If you’re an avid reader, for example, you may find like-minded friends in book clubs. Love martial arts? Chances are you share more than that similarity with other people in the training group.
The more interests you share with a friend, the more likely you may be to have a long-term friendship.
Activities aren’t the only area you can sync with someone. Having deep conversations can be a great way to gain insights into someone’s broader viewpoints.
You may find you both have a passion for theoretical physics, or maybe you both enjoy ancient alien controversies.
Deep conversations can be a way to find meaningful connections, as this 2021 research details. You’re trusting your deeper opinions with someone for contemplation, just as they’re trusting you with theirs.
Platonic relationships are often those friendships where you can speak once a year and still pick up where you left off.
While this type of lower-maintenance friendship can be comforting, even these types of ties need attention.
You can keep platonic friendships thriving through little acts of courtesy, like:
- sharing equal responsibility for friend invites to plans or events
- checking in just to see how they are
- making an effort to be there as support if they express they’re going through a hard time
- showing small acts of kindness
- letting them know you’re grateful for their input and efforts
Prune the platonic ties that are no longer serving you
It’s possible to have close friendships that fade or friends who treat you poorly.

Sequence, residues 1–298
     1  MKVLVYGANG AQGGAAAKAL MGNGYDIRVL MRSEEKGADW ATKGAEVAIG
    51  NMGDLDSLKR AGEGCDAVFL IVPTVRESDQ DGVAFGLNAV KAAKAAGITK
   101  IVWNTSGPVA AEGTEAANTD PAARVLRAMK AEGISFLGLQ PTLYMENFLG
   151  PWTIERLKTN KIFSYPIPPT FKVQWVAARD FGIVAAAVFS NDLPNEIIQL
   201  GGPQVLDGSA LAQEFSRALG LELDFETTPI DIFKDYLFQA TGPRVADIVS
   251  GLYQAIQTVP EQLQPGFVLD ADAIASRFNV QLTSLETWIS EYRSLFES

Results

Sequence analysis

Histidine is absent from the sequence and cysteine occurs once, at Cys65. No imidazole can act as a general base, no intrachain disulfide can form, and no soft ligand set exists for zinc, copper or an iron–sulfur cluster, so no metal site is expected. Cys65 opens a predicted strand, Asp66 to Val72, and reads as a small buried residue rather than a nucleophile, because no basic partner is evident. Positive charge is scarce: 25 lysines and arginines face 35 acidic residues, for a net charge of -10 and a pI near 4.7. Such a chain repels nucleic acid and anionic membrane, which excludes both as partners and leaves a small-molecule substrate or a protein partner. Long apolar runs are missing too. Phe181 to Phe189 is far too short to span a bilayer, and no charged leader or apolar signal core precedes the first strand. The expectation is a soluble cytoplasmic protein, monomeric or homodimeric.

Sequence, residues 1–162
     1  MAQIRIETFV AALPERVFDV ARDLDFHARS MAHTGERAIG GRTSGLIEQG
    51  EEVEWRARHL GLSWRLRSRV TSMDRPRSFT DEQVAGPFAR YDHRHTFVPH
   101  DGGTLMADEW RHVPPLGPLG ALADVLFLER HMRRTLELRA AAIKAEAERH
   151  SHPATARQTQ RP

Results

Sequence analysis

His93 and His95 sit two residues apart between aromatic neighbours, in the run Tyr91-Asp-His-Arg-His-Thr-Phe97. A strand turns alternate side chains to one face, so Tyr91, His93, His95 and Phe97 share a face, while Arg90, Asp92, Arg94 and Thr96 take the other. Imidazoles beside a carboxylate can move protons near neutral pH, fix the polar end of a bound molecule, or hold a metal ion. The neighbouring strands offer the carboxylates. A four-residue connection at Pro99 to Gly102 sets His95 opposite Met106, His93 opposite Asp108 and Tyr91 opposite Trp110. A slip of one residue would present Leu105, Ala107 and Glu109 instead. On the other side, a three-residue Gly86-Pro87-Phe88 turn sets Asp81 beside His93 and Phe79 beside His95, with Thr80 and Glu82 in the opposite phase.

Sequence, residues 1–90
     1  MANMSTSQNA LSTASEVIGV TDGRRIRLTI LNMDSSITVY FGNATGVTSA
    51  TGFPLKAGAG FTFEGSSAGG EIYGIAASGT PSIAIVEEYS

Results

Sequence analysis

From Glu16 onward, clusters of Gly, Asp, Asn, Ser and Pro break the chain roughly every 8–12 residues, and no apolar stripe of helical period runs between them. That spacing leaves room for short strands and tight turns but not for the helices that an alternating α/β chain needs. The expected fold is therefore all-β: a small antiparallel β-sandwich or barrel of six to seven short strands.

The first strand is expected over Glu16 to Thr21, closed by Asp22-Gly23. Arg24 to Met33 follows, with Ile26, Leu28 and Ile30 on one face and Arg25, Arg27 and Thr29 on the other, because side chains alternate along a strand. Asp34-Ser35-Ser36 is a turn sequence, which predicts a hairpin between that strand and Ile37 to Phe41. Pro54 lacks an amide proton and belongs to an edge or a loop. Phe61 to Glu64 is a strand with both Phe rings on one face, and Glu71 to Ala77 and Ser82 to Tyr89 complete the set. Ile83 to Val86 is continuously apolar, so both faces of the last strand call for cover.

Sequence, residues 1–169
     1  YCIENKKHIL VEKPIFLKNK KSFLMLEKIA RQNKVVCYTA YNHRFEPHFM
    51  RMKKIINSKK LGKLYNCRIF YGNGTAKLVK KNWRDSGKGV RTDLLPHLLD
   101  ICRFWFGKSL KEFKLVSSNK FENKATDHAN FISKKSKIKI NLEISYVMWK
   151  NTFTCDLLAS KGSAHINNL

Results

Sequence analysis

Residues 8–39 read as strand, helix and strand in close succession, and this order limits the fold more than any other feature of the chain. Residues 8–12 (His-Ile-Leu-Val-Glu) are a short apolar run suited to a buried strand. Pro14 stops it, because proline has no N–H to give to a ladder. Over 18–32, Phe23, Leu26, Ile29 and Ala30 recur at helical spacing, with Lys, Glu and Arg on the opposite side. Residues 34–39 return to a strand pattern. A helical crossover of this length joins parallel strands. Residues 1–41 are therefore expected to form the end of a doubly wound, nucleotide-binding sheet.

Someone may have gone through a life change, for example, or maybe they aren’t who they were when you were both growing up.
But abusive behaviors in any relationship don’t have to be tolerated, even if you’ve considered someone a longtime platonic friend.
Social exchange theory in psychology suggests as long as the benefits outweigh the cons in a relationship, the more likely you are to stick with it.
Patterns of negative behaviors that stack up over time or big fallouts, however, can be friendship-enders no matter how close you’ve felt to someone.
Possible hurdles for platonic friendships include:
- Ghosting habits. Conversation and friendship responsibility falls solely on your shoulders.
- Boundary breaches. A lack of care or concern toward boundaries can be a challenge.
- Fanaticism. Hot-topic moral debates where no outside opinion is considered.
- Friends with benefits. Introducing sexual aspects into a friendship with no intention of romantic attachment.
- Vulnerable friendships. Feeling close to someone, like a therapist, who knows you intimately but doesn’t return the same platonic transparency.
Just because you feel drawn to someone doesn’t mean they share your sentiments or intentions.
Someone may suggest a “friends with benefits” scenario, for example, because they’re looking for sexual satisfaction and may not be interested in any other types of intimacy that you might be.
A true platonic friend would sincerely have your best interests in mind, and respect and respond to what you communicate.
Platonic relationships are close friendships without romantic or sexual features.
Your platonic friends are those within your inner circle. They are the people you trust the most, and the ones you know care about you for who you are.
Platonic love is real. It’s the love you grow for someone who compliments you in a nonromantic way.